Aesthetics is a word used to really give meaning to one’s sense of style and expression in any form. Merriam Webster officially defines the word as “a particular theory or conception of beauty or art: a particular taste for or approach to what is pleasing to the senses and especially sight.’’ Princewill Ene of walyben.com spoke on the importance of aesthetics, “Aesthetic is important because it delves into the reason why art has always existed, the burning need of mankind through the ages to see the world in [a] different and clear way. It further evaluates art by the standard of human life and whether it accomplishes the job of satisfying man’s intellectual needs, or whether it tends to hurt or make worse those needs.’’
The word has become intensely overused in our generation. Anything and everything you do can be labeled as your aesthetic. It’s a big part of how people portray themselves to the world, whether it’s through social media or personal life. Saying aesthetics are bad for us is a narrow yet subjective explanation.
For me, I try to curate my own aesthetic to the best of my ability, but that does not mean I do not draw inspiration from someone else’s. Amandine Shadia of studybreaks.com has this to say about the damage aesthetics can do to a person: “In modern-day social media, algorithms are essential and are the driver of what shows up on everyone’s screens. A person can like one thing that will continue to pop-up every time because it is similar to something they liked before. The movements are often exclusive and do not allow people to be different. There is an accepted standard of beauty that puts pressure on people to look like it.”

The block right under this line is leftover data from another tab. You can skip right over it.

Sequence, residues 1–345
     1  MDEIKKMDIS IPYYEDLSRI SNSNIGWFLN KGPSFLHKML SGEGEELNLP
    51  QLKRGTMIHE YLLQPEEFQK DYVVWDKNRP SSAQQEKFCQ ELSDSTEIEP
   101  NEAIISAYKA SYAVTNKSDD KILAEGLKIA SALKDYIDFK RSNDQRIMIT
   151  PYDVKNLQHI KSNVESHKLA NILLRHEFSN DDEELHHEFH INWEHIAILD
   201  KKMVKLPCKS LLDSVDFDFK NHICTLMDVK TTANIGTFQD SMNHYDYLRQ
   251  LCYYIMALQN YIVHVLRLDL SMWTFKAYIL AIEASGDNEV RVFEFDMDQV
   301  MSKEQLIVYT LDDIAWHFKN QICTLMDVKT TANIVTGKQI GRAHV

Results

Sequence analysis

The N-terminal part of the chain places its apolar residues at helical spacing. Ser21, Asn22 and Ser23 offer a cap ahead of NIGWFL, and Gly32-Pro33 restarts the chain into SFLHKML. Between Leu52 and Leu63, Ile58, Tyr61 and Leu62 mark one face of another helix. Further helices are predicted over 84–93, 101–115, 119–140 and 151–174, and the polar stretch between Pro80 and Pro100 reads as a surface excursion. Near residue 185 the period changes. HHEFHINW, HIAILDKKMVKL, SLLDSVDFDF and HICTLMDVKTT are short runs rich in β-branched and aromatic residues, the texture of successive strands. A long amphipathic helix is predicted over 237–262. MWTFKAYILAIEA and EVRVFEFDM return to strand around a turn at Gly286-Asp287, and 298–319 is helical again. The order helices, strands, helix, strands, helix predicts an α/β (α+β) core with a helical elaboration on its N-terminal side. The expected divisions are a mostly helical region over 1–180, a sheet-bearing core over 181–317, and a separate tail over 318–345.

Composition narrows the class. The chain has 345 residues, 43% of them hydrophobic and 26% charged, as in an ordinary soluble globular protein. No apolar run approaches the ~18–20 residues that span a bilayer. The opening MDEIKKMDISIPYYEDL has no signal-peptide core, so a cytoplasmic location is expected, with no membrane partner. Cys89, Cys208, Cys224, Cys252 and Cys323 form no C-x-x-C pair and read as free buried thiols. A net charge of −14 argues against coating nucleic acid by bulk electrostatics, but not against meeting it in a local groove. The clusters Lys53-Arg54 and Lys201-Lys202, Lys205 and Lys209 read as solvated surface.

Shadia continues to share how aspiring towards aesthetics can prompt negative implications, for example in the “cottagecore” aesthetic. “The problem with this aesthetic is that it is driven by the desire to escape reality and idealize a fairytale life that has unsettling implications,” said Shadia.
Shadia is right in most cases when it comes to the negative side effects of aesthetics. But is that true for the majority of people who consume and participate in aesthetics? I decided to ask Nevaeh Griffin, a second-year nursing student here at West Chester University, what the positives and negatives are about aesthetics. In our conversation, she talked about how most people who make and try aesthetics are trying to reach this lifestyle that’s not attainable in their actual reality. But aesthetics are something that gives people ambition to make their reality better in the future.
Are aesthetics bad? It is a very subjective conversation to have because we all have different tastes and opinions. But we know what is clear: aesthetics are dominating people’s creative outlook on society and their personal lives. Whether it’s having a majority negative or positive impact on people is yet to be clear.
Isaiah Ireland is a fourth-year Media and Culture major. II978280@wcupa.edu.